Social Media is the newest darling of marketing. But, for all the buzz it’s generating, there is very little hard data on how or why companies use it, or how successful it is. However, that is beginning to change.
The Aberdeen Group recently concluded a study that shows seven specific reasons why companies choose to use a social media strategy. They separated their respondents into three categories, based upon four key performance criteria. The categories were Best-In-Class (top 20%), Industry Average (middle 50%) and Laggards (bottom 30%). Of all companies questioned, the top reasons for implementing a social media initiative, in order of their reported importance are:
- Increase customer advocacy / word of mouth 37%
- Protect brand reputation 35%
- Improve customer research capabilities 33%
- Increase product / brand awareness 32%
- Increase customer loyalty 31%
- Increase customer acquisition 23%
- Increase customer retention 21%
What is interesting to note is that these results were taken from all respondents. However, when looking at Best-In-Class respondents, the number one reason, at 47%, was increasing customer loyalty. The argument might be made that increasing customer loyalty can be seen as an umbrella that includes most of the other categories, so it was just a matter of wording. Or, it might speak to a more refined understanding of Best-In-Class companies that in today’s economy, customer retention is a much more important strategy than in normal times. And, that customer loyalty is a deeper level of customer retention.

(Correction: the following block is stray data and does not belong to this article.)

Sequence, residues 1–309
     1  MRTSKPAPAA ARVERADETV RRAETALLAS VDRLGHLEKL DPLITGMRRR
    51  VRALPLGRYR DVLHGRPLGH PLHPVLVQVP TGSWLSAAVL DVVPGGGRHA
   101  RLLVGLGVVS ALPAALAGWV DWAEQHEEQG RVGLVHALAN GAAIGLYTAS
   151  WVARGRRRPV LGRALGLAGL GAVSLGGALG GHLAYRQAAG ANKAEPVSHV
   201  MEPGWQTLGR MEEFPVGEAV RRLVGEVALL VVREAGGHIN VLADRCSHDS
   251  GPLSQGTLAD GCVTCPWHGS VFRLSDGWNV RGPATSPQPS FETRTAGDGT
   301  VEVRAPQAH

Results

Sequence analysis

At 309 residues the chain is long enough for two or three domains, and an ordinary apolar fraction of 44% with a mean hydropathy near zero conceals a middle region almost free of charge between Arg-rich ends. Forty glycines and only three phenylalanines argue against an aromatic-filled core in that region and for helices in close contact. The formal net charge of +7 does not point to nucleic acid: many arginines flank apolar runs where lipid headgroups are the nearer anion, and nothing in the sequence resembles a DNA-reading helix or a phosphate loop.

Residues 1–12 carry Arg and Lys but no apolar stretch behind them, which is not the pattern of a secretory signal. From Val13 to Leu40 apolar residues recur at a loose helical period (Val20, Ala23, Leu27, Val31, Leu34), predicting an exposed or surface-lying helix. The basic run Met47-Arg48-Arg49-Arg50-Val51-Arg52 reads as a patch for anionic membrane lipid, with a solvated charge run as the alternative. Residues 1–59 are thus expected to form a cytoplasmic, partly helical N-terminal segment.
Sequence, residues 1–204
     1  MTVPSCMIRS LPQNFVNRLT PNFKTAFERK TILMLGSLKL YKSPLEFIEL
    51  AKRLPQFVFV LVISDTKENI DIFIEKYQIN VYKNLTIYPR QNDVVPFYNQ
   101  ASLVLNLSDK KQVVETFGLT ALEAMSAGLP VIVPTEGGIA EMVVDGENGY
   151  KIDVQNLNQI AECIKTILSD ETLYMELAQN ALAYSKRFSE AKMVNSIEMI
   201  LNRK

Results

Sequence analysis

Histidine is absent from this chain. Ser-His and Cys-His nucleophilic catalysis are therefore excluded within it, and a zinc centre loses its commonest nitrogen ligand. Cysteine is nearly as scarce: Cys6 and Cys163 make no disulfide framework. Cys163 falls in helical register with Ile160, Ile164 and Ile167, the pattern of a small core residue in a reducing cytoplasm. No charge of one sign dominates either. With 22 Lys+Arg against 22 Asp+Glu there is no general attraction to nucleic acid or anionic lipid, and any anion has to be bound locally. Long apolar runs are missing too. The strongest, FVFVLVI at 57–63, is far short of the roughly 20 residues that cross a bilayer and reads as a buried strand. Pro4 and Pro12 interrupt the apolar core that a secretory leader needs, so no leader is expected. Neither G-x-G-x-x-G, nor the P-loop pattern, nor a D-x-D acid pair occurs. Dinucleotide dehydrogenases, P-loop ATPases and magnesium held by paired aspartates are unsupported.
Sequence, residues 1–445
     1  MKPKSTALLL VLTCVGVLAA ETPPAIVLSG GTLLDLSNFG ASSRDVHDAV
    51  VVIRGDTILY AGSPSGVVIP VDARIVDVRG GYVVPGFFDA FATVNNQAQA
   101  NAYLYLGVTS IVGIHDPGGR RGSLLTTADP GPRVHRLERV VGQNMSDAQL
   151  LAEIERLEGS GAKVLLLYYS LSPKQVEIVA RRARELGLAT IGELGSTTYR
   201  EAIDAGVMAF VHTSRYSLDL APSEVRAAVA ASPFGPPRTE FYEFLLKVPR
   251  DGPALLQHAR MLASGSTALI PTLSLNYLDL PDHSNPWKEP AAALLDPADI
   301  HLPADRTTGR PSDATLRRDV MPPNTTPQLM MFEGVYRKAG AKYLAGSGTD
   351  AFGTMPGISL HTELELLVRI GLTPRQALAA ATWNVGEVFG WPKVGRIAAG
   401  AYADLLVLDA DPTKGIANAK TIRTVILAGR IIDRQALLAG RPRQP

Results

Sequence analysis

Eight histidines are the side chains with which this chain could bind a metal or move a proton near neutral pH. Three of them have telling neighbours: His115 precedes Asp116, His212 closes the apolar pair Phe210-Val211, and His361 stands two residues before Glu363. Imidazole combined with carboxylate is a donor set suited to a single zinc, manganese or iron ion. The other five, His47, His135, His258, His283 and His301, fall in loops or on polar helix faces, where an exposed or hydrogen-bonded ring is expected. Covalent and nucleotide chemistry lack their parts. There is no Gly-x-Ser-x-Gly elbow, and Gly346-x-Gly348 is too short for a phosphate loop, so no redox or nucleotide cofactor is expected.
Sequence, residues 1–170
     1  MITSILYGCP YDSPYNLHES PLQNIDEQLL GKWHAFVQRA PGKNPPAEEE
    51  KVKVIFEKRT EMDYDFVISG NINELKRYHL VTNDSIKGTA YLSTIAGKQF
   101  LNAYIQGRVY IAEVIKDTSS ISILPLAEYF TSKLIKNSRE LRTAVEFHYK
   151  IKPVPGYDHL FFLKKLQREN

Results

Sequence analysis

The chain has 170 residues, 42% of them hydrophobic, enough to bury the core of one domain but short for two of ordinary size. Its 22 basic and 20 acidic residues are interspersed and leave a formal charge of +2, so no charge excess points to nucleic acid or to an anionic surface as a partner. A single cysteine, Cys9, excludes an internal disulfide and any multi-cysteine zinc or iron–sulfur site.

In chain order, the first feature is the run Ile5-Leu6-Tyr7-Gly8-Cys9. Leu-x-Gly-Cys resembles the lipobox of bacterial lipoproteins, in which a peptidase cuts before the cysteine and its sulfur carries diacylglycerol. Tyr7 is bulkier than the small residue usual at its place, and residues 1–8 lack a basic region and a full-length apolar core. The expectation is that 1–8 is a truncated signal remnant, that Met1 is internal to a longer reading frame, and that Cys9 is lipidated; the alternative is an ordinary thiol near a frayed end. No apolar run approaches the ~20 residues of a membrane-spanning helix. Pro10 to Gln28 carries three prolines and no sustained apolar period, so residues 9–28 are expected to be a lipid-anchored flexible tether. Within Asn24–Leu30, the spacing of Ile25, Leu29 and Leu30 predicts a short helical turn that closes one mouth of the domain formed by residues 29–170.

Regardless of the relative importance of reasons to engage in a social media strategy, it shows a growing realization among companies that a significant part of their effort to connect with their customers must now take place on this new two-way communication platform. And, it provides the beginning point for quantifying those efforts.
Best-In-Class companies showed an average of 11% increase in their ability to generate consumer insights that drive new product/service developments. Laggards decreased 10%. Best-Of-Class companies showed an average decrease in customer service costs of 7%. Laggards showed an average increase of 5%.
When companies have to struggle for every sale it’s hard to justify the time and expense for a new, unproven marketing strategy. But, evidence is beginning to grow in support of what many marketing professionals instinctively saw as an important new tool.
Not every company is a candidate for social media. But, if you are wondering what a social media campaign might do for you, a good place to start is the above list. And, if you interview a social media professional, be sure to ask questions that are wrapped around the appropriate reasons that drove you to consider it in the first place.